January 23, 2008
Executive Director's Column
Arts advocates scored an impressive victory with the significant restoration of funding for the National Endowment for the Arts in the 2008 omnibus appropriations bill (see this month’s update from NASAA’s legislative counsel, Tom Birch). NASAA’s members have been key players over the years in working toward this historic legislative achievement, building relationships with their Senators and Representatives, meeting with their legislators on Capitol Hill, and arranging opportunities for their federal representatives in Congress to see first hand at home how the public sector plays a unique and essential role in ensuring that the benefits of the arts accrue to all American communities. Our members have been especially important in developing the trust of appropriations committee leaders, working with Republicans and Democrats in the House and Senate to make the case for federal arts funding.
In Washington, DC, NASAA works in collaboration with other national arts organizations to amplify our collective voice and to present a united front to Congress. For the past two years, NASAA’s legislative counsel, Tom Birch, has chaired this coalition, leading the discussions which have helped to shape our advocacy message and strategy. In the beginning of the year at the start of the federal budget process, Tom and several of his colleagues from other arts service organizations met with Rep. Norm Dicks (D-WA), the newly installed chair of the House Interior Appropriations Subcommittee, to present the case for restoration of funding to the arts endowment’s budget. Dicks, long a supporter of the NEA, assured the group that an increase in the arts endowment’s budget was among his top priorities for the year. Dicks was true to his word.
NASAA’s policy work with the leadership of the National Endowment for the Arts helped shape the Administration’s budget proposal. The language in the final appropriations measure consolidating the state partnership grants into two basic categories–state partnership grants and underserved grants–was a direct result of NASAA’s participation in policy development with the NEA. The result for NASAA members is increased flexibility in utilizing federal resources to serve their state’s unique cultural environment.
Our legislative counsel ensured that the proposal to consolidate the state partnership grants moved smoothly through the legislative process, promoting it with advocacy colleagues and assuring congressional appropriators of the value of the change in budget language. In the final analysis, the language shaped by NASAA and included in the bill by the president contributed both to the ability of state arts leaders to use federal funds more flexibly, as well as to a favorable reception in Congress for a jump in NEA budget level. That increase will also ensure that funds are available to realize Chairman Gioia’s stated intention of significantly increasing grants to state arts agencies for their partnership with the NEA and The Poetry Foundation in the national Poetry Out Loud initiative, and to help continue the Education Leaders Institute initiative in five states annually.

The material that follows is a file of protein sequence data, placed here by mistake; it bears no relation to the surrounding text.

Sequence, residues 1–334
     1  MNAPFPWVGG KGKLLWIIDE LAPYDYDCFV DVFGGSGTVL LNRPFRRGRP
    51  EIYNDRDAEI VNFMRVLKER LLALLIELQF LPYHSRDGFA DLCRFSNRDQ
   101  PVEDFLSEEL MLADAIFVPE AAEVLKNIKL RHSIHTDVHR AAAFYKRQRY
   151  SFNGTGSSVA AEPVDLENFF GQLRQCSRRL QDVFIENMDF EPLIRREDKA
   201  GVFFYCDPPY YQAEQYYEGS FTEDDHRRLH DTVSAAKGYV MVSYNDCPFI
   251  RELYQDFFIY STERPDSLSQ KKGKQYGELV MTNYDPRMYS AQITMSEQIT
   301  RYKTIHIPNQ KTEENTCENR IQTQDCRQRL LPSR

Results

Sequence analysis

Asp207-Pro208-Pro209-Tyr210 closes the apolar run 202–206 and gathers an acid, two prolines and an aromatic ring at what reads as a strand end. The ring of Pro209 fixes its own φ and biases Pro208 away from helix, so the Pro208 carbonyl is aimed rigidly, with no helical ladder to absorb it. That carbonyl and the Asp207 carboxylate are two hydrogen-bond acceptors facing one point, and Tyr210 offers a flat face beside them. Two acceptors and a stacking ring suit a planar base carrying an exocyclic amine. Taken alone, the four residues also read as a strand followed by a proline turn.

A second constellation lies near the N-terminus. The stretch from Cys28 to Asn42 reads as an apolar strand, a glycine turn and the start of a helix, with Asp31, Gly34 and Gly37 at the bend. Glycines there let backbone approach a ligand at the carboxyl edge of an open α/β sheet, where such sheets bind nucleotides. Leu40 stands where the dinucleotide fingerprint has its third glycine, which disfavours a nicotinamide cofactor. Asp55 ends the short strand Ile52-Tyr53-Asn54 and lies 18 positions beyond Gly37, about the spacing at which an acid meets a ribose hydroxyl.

NASAA members can be proud as well of their advocacy on behalf of arts education within the U.S. Department of Education. Here again, our legislative counsel coordinates NASAA advocacy with a national coalition that speaks with a united voice. Congress this year provided an increase of $2.23 million for a total of $37.53 million in FY 2008. The major share of the $2 million increase will go to fund in the 2008-09 school year the first fast-response arts education survey since 1999.
When the federal budget process begins again in February, NASAA will continue to work with our advocacy colleagues and our supporters in Congress to move ever closer to restoring the full strength of the NEA’s budget lost to deep cuts in the mid-1990s. Many thanks to you, NASAA members, for your constant commitment to our collective advocacy, and congratulations on this important victory.
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